KHARTOUM — Behind the brick walls of the Mycetoma Research Centre trying to unravel the mysteries of the infection is a rare story of medical success in impoverished Sudan.
With bandages on their swollen, deformed feet, patients from across the vast country arrive at the spotless facility set in a garden in the southern Khartoum district of Soba.
For more than 40 years, British-educated researcher Elsheikh Mahgoub has been searching for answers to the mysteries of mycetoma, a bacterial and fungal infection which can spread throughout the body resulting in gross deformity and even death.
Sudan is particularly affected by mycetoma, which is also endemic in a geographic belt including regional neighbors Chad, Niger, Nigeria, Ethiopia, Somalia, parts of Saudi Arabia and Yemen, experts say.
The belt also stretches to India and parts of Latin America.
Mycetoma is “a badly neglected disease,” the United Nations’ World Health Organization (WHO) says on its website.
Yet in Sudan, researchers have been studying the condition since British colonial times, and the Khartoum center has been globally recognized for its work. Such acknowledgement in the health field is unusual for a country which ranks near the bottom of a UN human development index measuring income, health and education. Mycetoma is characterised by swelling of the feet but it can eat away bone and spread throughout the body, causing grotesque barnacle-like growths, club-like hands and bulging eyes. The traditional treatment was amputation — something the Sudanese centre tries to avoid.
“Most patients who get it are farmers, or animal herders, and these are poor people,” says Mahgoub, 78.
“They are poor, and they get poorer.”
Mahgoub says he established Sudan’s first mycetoma centre in 1968, working with a British nurse and a British technician.
“Many people thought: Why should I be concerned about this disease which is not common, which is difficult to diagnose, and difficult to treat?” he told reporters on a tour of the facility, which opened at its current location in the 1990s.
The centre offers diagnosis, treatment, training and research as part of Soba University Hospital under the University of Khartoum, which funds it along with some donors.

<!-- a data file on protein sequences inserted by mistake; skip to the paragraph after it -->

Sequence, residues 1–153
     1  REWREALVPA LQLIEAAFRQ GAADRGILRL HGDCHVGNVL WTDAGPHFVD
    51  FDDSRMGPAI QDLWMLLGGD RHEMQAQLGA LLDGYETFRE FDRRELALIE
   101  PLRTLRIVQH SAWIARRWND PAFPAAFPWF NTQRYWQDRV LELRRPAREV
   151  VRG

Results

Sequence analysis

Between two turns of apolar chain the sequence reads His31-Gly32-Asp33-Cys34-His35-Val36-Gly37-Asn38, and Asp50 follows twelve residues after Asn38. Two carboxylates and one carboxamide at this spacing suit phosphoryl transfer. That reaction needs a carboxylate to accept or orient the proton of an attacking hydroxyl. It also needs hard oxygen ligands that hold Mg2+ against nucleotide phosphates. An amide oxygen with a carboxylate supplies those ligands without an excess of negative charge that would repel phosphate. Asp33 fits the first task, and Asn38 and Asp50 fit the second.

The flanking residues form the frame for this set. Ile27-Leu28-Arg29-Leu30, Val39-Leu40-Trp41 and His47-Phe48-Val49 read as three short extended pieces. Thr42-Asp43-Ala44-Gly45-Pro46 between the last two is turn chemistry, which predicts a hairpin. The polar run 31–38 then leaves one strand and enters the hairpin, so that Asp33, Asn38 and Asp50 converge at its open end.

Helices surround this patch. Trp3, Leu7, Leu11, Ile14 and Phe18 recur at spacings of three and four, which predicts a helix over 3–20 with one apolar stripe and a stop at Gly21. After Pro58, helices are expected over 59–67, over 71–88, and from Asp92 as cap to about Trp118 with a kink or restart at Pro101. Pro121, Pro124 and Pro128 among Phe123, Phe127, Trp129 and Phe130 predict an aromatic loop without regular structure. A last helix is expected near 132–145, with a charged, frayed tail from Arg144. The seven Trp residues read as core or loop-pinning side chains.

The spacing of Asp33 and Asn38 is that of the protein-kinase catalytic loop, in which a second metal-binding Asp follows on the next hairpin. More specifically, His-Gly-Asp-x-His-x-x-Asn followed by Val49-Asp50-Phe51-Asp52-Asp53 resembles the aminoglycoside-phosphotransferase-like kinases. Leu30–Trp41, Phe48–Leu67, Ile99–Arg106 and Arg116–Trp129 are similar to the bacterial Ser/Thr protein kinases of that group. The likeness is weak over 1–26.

It has its own laboratory, two wards, and is served by seven part-time doctors as well as Mahgoub, the research supervisor, and its director A.H. Fahal, a professor of surgery.
Though its resources are limited, they have been used effectively, Fahal has written.
Patients come and go — with 6,400 registered so far — but Fahal remains and so does Mahgoub, challenged by the puzzle of why mycetoma is so prevalent in Sudan and neighboring countries.”I think there’s two things,” Mahgoub explains, pointing first to the organism’s presence in soil.
He says people who make their living from the land are more likely to get pricked by thorns, for example, from the Acacia trees which are widespread in the mycetoma-prone region and provide a route for infection.
Secondly, the patients have been found with weakened immune systems. Some not only have mycetoma but also AIDS, leprosy, tuberculosis or other conditions, Mahgoub says.
“Why? Why these people? Is it nutritional, because of malnutrition? Is it because of the other diseases they get at the same time?”
He does not yet have the answers.
“But we know that they have got some deficiency in their cell-mediated immunity.”
Mohammed al-Amien Ahmad is a typical case.The farmer tells Mahgoub that a thorn jabbed him about 20 years ago.
“This thorn came out and it seemed to be OK. Later on the swelling came up. It was a bit itchy,” says the goateed farmer, who is in his 60s and wears a traditional white jalabiya robe.
Ahmad, his enlarged left foot oozing pus, has traveled more than 500 kilometres (300 miles) by bus from Umm Rawaba where he farms about 70 acres (28 hectares) of sorghum.
His condition worsened over the past two years, he says, forcing him to reduce the amount of land he can work, and cutting into his annual income $4,300-$5,700.
In a majority of cases mycetoma is painless, meaning patients like Ahmad delay seeking medical care. This makes treatment more difficult, Mahgoub says.
“The main thing we tell them is to come early… Because if the swelling is small it can be excised in total,” with follow-up medication, he says.